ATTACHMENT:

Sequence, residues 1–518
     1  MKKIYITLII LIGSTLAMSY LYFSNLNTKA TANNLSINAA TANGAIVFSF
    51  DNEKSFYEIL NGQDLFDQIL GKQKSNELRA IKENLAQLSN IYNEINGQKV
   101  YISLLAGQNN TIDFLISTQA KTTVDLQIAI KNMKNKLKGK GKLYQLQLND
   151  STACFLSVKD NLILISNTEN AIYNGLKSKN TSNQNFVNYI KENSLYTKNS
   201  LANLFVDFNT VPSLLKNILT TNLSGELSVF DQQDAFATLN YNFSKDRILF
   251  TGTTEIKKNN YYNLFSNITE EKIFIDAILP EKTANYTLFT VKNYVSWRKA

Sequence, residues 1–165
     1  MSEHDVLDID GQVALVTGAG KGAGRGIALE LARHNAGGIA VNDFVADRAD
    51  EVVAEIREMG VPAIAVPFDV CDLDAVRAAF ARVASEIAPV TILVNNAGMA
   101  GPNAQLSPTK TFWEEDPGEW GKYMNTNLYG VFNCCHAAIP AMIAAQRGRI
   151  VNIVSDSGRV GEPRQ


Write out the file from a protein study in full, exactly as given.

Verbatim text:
Sequence, residues 1–518
     1  MKKIYITLII LIGSTLAMSY LYFSNLNTKA TANNLSINAA TANGAIVFSF
    51  DNEKSFYEIL NGQDLFDQIL GKQKSNELRA IKENLAQLSN IYNEINGQKV
   101  YISLLAGQNN TIDFLISTQA KTTVDLQIAI KNMKNKLKGK GKLYQLQLND
   151  STACFLSVKD NLILISNTEN AIYNGLKSKN TSNQNFVNYI KENSLYTKNS
   201  LANLFVDFNT VPSLLKNILT TNLSGELSVF DQQDAFATLN YNFSKDRILF
   251  TGTTEIKKNN YYNLFSNITE EKIFIDAILP EKTANYTLFT VKNYVSWRKA

Sequence, residues 1–165
     1  MSEHDVLDID GQVALVTGAG KGAGRGIALE LARHNAGGIA VNDFVADRAD
    51  EVVAEIREMG VPAIAVPFDV CDLDAVRAAF ARVASEIAPV TILVNNAGMA
   101  GPNAQLSPTK TFWEEDPGEW GKYMNTNLYG VFNCCHAAIP AMIAAQRGRI
   151  VNIVSDSGRV GEPRQ